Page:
Food historian Tasha Marks and engineering professor Alexander S. Rattner explain the importance of tea and coffee to Star Trek‘s Picard, Janeway, and Sisko.
The replicators onboard Federation starships can produce an extraordinary range of things, from weapons and antique furniture to eyeballs and a bunch of snakes. But I’ve always been most in awe of the cosmic sweet treats, fancy foodstuffs, and exotic drinks they can rustle up—anyone for a chocolate sundae? Lobster ravioli? How about a Klingon coffee to set you up for the day? Or, if you’re brave enough, a Zariphean tea? With a galaxy-sized menu at their fingertips and few restrictions on what they can ‘order’ with commanding officer privileges, I’ve often wondered why many of our favorite Starfleet captains choose the same beverage over and over again.
Everyone knows Captain Jean-Luc Picard’s (Patrick Stewart) favorite tea: “Earl Grey, hot”. Captain Katherine Janeway (Kate Mulgrew) loves coffee so much that she orders the crew to plow into an organic nebula to find some. Captain Benjamin Sisko (Avery Brooks) is a big fan of Raktajino, Klingon coffee with a kick. Captain Jonathan Archer (Scott Bakula) likes the taste of sweet iced tea. And even captains that aren’t tied to a specific drink during their missions follow similar patterns, like Captain James T. Kirk (William Shatner). He always made a point of picking unusual beverages when he had the chance.
Our favorite captains default to their favorite drinks because they were written that way, and each choice establishes their character. Picard enjoys the sophisticated but not necessarily pretentious Earl Grey. Bold and probably most of the time exhausted, Janeway opts for a hit of coffee. Sisko’s preference for Klingon coffee speaks to his willingness to embrace other cultures. Archer’s love for sweet iced tea suggests a soothing, comforting hug in a mug that reminds him of home when he’s light years away.
The Psychology of Hot Drinks
However, the drinks we choose—especially our tastes in tea and coffee—are often more than they seem. I spoke to food historian and artist Tasha Marks to better understand their significance. “Tea and coffee both have long social histories. They have been the catalysts to conversation and change for centuries,” she tells us. They provide a social context that encourages connection—essential in the fictional space of Star Trek, where typical conventions are sometimes lacking.
But Marks says there’s a “dual existence” to tea and coffee. “They are both public and private, personal and universal.” Part of this personal significance comes from creating them. “Tea, coffee, and other hot drinks are also more ritualistic than other beverages because they tend to require more preparation,” Marks says.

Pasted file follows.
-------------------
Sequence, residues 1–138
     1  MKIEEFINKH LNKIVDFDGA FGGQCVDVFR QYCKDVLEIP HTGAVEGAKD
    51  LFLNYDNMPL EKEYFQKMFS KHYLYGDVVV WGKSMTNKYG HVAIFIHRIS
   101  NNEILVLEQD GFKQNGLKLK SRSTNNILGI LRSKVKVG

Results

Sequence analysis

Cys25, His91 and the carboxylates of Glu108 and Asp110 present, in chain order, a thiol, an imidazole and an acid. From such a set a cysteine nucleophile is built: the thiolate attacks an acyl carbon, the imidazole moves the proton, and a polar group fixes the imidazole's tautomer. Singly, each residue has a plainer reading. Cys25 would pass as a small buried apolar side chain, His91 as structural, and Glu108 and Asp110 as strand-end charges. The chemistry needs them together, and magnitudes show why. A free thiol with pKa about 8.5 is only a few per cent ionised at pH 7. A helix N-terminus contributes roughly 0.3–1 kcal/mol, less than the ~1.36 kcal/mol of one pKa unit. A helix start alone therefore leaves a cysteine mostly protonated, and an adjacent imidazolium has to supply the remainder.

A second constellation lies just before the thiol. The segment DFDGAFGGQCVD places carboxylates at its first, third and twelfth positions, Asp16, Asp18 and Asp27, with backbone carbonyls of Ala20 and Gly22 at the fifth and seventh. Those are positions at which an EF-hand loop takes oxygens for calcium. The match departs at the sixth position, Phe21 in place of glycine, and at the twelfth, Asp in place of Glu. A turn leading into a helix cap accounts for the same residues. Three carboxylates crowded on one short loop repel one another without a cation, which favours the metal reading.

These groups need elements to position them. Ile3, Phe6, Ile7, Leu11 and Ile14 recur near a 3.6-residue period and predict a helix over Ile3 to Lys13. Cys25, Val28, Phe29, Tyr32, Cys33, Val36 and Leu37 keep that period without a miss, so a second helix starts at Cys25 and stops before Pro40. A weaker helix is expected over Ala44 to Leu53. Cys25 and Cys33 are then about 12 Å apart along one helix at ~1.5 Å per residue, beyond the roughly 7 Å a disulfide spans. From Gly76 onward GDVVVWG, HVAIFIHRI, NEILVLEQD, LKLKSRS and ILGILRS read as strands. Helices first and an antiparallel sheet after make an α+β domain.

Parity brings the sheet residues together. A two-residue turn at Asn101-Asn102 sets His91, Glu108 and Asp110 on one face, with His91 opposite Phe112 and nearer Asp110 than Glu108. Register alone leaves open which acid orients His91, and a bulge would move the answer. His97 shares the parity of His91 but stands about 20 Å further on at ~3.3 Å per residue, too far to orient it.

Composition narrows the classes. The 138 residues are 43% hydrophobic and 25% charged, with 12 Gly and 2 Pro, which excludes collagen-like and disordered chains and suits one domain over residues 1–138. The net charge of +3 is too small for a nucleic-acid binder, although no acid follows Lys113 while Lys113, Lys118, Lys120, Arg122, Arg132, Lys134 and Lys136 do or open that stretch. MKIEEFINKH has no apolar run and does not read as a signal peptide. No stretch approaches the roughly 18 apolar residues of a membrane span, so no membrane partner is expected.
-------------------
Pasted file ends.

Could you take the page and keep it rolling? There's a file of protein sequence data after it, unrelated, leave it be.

“There is a ritual to making a hot drink, from selecting your favorite cup to boiling the kettle and even judging the right moment to drink it so it won’t burn your tongue.”
Ordering drinks via a replicator on Star Trek presents a different ritual, but asking for the same drink, again and again, watching it being made, and drinking it are important and ritualistic steps, even before you begin drinking. I’m reminded of recent research about the power of ritual, which suggests (among many other things) that it can be essential for calming anxiety and increasing performance.
Or to quote Janeway in the Star Trek: Voyager episode ‘Hunters’ (S4, Ep15):
“Coffee – the finest organic suspension ever devised. It’s got me through the worst of the last three years. I beat the Borg with it.”
“Tea and coffee also provide a moment of pause,” Marks says. She explains that there are many steps after preparation and before drinking that we often take for granted. We check the temperature, we feel the warmth, we hold the cup. “No one pauses for a glass of water in the same way we do for a cup of tea,” she says. “Hot drinks are a moment to reflect and practice self-care.” There is a meditative practice here, a grounding, a necessary act that prepares our captains for the challenges they’ll face—it’s no wonder meditations and ceremonies around the practice of tea preparation and drinking have persisted for centuries.